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UNIVERSAL FOLKLORE @ PERMEKEMUSEUM/ MU.ZEE

DETAIL Nº 1

"DESERT BLOOM"

or

"COSMETICA STEELE"


A-B polyurethane foam, spray polyurethane foam,

foam batting, crushed velvet, velvet, metallic/

hologram fabric, and cotton


70 L x 159 H x 32 W cm


2018

"BARBARA" (foreground);

"COSMETICA STELLE" (background)


photo: Steven Decroos

"BARBARA" (left);

"ERSATZ GOOD" (far right)


photo: Els Verhaeghe

"COWBOY CURTIS" aka

"HORSESHOES AND HANDGRENADES" (foreground)


velvet, crushed velvet, cotton, foam batting,

buttons, wood, and rope


127 L x 211 H x 60 W cm


2018


photo: Steven Decroos

DETAIL Nº 2

"JAMBI JOSS"


satin, velvet, crushed velvet, metallic/ hologram fabric,

organza, cotton, foam batting, buttons, wood, and rope


200 L x 211 H x 60 W cm


2018


photo: Els Verhaeghe

DETAIL Nº 3

DETAIL Nº 4

"JEWEL SECRETS"

or

"ERSATZ GOOD"


velvet, satin, crushed velvet, cotton,

foam batting, buttons, wood, and rope


127 L x 211 H x 60 W cm


2018

DETAIL Nº 5

photo: Els Verhaeghe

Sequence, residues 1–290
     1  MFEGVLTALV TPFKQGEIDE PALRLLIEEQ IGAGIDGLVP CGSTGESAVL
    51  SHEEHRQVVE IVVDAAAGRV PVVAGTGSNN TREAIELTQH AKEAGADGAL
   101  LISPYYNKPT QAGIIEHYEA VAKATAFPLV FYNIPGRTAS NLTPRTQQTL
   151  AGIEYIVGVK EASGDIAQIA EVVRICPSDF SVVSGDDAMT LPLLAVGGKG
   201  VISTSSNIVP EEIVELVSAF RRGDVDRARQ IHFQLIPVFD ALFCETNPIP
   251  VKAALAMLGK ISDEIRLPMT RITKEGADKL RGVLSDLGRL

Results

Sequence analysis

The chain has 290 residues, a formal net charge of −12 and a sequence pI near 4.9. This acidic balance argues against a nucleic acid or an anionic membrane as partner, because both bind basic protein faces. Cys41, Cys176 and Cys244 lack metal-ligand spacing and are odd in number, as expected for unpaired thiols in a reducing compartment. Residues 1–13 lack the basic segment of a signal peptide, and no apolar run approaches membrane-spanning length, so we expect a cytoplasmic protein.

"EL PRESIDENTE"


satin, faux animal skin, metallic/ hologram fabric,

foam batting, buttons, wood, and rope


127 L x 211 H x 60 W cm


2018

DETAIL Nº 6

"(MK) ULTRAVETTE"

or

"THE TRICKSTER" (foreground)


crushed velvet, cotton, foam batting,

spray polyurethane foam, mdf, and cardboard


88 L x 117 H x 66 W cm


2018

DETAIL Nº 7

photo: Els Verhaeghe


"THE BIRTH OF ARCHITECTURE"

or

"FLÜGELHEIM"


terry cloth, crushed velvet, felt, cotton,

spray polyurethane foam, foam batting,

mdf, and cardboard


84 L x 118 H x 98 W cm


2018


photo: Steven Decroos

"THE LABORER"

or

"MISCHLINGE MOTIF"


metallic matelassé, cotton, foam batting,

wood, faux gold paint, and rope


155 L x 102 H x 3 W cm


2015


photo: Laure Cottin Stefanelli

DETAIL Nº 8

"BONNIE" (foreground)

and

"MISCHLINGE MOTIF" (right)


photo: Quinten Buijsse

photo: Steven Decroos

"UNIVERSAL FOLKLORE"

W/ FARAH ATASSI (PAINTINGS)

CURATED BY ILSE ROOSENS


@ THE PERMEKEMUSEUM


JUNE 3 - OCTOBER 21, 2018


2D AND 3D SCULPTURES


Like Constant Permeke’s, the works of Farah Atassi and Tramaine de Senna manifest a keen interest in folkloric motifs. The artists copy and mix the imagery of objects that are often situated in an ethnographic or design context, such as carpets, masks or toys. In the first half of the twentieth century, Permeke and several of his contemporaries adopted the forms of African masks and sculptures. They were motivated by a fascination with the aesthetic qualities of the objects.